CALEDONIA — Ervin Barth's life has been surrounded and sweetened by music.
It played in the hospital nursery 90 years ago when he was born, he sang in choirs in high school and in church, and there will be music at his funeral.
The music won't die after his death.
The rural Caledonia man has donated 40 acres of woodland he bought many years ago to the Caledonia School District. After his death, the district must use any money from the land for something related to music; the land is valued at about $130,000.
Barth was born in the Preston area and served in the Marines in the years following World War II. He attended the University of Minnesota following his discharge but had to come home after one quarter because his father was ill.
Barth eventually got a job with the Fillmore County Soil and Water Conservation District. He was sent to Duluth for a while, then he returned to southeast Minnesota to work in the Houston County area to help farmers slow erosion. He and his wife, Esther "Bootie" Barth, bought an old farmhouse near Caledonia that had been in her family for nearly 150 years.
He retired from the SWCD in 1990, and they still live in the old farmhouse, which is partially heated by wood he cuts. There are cats outside and the inside is filled with memorabilia and memories.
Ervin Barth fits in with the comfortable old house. He has a white beard and white ponytail and looks like he's ready to either split wood or laugh. His grip, strengthened by milking cows by hand many years ago, is still strong.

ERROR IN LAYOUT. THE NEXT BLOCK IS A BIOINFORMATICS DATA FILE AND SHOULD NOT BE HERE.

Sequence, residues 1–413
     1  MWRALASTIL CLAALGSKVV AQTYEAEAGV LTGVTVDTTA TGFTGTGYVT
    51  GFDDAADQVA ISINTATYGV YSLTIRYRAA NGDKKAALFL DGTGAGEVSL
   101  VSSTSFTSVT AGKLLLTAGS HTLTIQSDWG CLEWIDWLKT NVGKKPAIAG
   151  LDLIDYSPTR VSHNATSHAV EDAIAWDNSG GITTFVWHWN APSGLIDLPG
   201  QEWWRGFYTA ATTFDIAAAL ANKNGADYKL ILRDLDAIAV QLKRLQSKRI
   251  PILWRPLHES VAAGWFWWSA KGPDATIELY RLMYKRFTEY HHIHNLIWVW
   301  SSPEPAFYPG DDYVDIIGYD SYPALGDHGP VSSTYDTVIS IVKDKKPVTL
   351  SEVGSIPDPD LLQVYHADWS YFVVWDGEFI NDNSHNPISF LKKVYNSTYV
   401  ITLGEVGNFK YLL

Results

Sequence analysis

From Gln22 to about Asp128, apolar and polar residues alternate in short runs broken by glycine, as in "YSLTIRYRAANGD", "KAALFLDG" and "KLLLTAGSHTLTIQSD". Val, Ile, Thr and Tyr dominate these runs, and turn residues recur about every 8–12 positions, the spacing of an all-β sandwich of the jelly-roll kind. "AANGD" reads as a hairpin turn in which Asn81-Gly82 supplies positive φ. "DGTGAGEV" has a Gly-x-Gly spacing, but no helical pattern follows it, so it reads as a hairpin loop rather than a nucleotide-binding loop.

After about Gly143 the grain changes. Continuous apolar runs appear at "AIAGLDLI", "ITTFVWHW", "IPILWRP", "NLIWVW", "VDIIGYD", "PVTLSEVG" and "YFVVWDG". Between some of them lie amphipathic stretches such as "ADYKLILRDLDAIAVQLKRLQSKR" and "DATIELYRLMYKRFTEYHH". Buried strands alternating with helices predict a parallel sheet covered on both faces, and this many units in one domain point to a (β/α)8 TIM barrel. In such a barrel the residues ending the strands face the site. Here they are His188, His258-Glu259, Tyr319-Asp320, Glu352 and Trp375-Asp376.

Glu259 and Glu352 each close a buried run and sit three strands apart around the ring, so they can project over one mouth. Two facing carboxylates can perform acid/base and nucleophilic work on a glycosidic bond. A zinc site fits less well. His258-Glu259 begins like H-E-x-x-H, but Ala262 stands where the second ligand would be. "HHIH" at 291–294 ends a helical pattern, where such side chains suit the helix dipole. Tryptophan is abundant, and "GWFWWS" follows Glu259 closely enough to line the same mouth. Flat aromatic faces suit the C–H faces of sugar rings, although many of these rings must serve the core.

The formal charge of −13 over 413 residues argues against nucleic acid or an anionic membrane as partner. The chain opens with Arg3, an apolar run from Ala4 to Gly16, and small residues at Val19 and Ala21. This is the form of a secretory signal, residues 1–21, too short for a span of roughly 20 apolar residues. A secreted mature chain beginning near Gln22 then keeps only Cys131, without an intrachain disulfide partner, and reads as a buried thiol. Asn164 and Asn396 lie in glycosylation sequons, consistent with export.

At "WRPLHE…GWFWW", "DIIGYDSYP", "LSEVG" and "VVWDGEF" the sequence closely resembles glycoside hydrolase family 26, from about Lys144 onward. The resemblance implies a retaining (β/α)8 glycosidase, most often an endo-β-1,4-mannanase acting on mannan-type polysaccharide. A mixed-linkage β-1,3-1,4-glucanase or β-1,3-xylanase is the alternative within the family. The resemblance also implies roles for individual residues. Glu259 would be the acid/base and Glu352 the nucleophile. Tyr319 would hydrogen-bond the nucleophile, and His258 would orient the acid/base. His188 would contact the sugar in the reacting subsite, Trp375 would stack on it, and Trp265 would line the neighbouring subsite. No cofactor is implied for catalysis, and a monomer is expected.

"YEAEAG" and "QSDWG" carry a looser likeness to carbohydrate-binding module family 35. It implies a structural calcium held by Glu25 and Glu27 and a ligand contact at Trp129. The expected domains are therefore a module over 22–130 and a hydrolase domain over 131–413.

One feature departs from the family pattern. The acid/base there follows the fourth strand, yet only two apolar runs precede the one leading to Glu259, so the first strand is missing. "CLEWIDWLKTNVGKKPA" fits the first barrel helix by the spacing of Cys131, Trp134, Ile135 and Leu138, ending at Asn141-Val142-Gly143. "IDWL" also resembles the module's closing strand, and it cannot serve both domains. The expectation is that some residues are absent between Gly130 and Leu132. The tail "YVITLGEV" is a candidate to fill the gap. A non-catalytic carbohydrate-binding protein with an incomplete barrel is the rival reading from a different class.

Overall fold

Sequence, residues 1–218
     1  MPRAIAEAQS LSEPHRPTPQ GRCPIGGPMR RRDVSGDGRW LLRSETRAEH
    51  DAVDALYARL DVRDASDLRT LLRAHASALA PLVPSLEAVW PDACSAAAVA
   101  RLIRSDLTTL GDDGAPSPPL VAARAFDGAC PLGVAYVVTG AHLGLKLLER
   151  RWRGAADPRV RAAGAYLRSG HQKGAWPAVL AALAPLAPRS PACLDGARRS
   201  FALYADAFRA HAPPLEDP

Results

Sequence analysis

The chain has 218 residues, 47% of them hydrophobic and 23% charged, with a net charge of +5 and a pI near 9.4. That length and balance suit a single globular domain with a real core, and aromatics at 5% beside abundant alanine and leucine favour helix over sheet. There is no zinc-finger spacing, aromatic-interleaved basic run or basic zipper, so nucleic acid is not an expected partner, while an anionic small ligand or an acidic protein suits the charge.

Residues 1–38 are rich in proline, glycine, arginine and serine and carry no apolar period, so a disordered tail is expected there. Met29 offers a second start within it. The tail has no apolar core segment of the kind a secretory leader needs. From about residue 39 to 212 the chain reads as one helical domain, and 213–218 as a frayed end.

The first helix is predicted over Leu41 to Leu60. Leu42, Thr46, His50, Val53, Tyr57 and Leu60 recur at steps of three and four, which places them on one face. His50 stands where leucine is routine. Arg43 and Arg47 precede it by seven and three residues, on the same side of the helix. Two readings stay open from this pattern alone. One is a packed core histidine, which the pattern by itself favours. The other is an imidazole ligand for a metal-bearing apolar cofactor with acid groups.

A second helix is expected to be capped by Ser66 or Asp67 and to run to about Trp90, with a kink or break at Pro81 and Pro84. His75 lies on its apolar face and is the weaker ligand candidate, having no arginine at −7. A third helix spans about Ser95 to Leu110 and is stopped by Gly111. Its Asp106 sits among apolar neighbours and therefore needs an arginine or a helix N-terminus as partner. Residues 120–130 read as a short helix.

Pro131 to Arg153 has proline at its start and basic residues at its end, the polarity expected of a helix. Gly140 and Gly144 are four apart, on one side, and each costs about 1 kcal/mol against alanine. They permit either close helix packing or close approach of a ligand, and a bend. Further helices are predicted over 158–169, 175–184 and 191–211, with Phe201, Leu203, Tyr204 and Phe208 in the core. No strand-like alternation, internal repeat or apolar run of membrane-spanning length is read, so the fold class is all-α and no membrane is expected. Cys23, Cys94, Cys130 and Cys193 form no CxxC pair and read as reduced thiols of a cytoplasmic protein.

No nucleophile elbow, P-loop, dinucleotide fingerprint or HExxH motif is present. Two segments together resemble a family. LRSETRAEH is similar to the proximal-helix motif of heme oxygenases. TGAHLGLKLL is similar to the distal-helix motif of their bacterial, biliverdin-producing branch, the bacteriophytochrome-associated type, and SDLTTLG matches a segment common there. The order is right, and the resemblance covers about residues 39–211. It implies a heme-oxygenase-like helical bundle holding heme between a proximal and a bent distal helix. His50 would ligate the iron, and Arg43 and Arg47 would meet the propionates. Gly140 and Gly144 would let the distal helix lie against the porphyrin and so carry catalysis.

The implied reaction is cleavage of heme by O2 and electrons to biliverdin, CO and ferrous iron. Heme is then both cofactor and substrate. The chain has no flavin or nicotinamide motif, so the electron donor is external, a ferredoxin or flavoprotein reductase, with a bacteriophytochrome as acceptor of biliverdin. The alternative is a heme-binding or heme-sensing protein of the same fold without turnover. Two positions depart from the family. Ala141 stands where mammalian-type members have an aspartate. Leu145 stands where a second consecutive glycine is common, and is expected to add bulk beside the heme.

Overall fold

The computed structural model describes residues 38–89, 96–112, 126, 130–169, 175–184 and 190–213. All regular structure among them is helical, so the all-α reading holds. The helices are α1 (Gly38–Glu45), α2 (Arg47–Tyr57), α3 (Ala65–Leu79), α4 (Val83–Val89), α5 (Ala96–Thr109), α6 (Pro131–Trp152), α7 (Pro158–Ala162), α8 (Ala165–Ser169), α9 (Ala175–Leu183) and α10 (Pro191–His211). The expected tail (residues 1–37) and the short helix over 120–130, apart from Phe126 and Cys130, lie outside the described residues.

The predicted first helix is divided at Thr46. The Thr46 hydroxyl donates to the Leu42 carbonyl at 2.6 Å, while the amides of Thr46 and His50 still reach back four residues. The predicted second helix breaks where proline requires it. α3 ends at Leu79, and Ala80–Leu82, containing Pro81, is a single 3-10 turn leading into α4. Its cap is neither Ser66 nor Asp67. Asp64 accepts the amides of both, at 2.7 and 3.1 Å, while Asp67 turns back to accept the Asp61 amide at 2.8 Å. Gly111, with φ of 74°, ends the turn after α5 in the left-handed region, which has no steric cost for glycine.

In the 1960s, he bought 40 acres of woods for $5 an acre to pay for back taxes.
"I figured there is more people coming along all the time but they aren't making any more land," he said. It's in Yucatan Township northwest of Caledonia.
When he thought about what would happen to those 40 acres after his death, he decided it should go to the local school music program.
His life has been one of work and music. He recalls singing so loud when plowing that he tried to drown out his tractor.
"My mother liked to sing a lot," he said. "Mother had a phonograph, it was usually church music and popular music."
At Preston High School, his baritone was part of the school choir. He also sang in church choirs for services and funerals. "I have a fairly good voice," he said.
He still loves music, but said "I don't sing nearly as much as I once did. (I'm) running out of wind, I guess."
"I feel that music is a lot more important than football in school," he said.
There's already a music program in the Caledonia schools, but Barth thinks it could be improved. He'd like to see more of a push for music of all kinds at all levels.
Caledonia Superintendent Ben Barton said that when Barth told him about his idea, "I was floored. I wanted to do cartwheels. (My reaction was) almost one of shock at first, then admiration."
Like many schools in the region, Caledonia has had to cut millions of dollars from its budget during the past decade. Music was not immune. Teachers are stretched thin, and their instruments are getting old.
Barth apparently saw tht and decided to act.
"He wants to leave a little bit of a mark, a stamp," Barton said.
The district, with free help from local attorney Joe Hammell, is establishing the ERB Caledonia Area Music Foundation so others can add to what the district earns from the land. The district isn't sure whether to sell the property or keep it and use money from timber sales or leasing it for hunting, Hammell said.
Whatever will be done, future generations will sing the praises of Erving Russell Barth.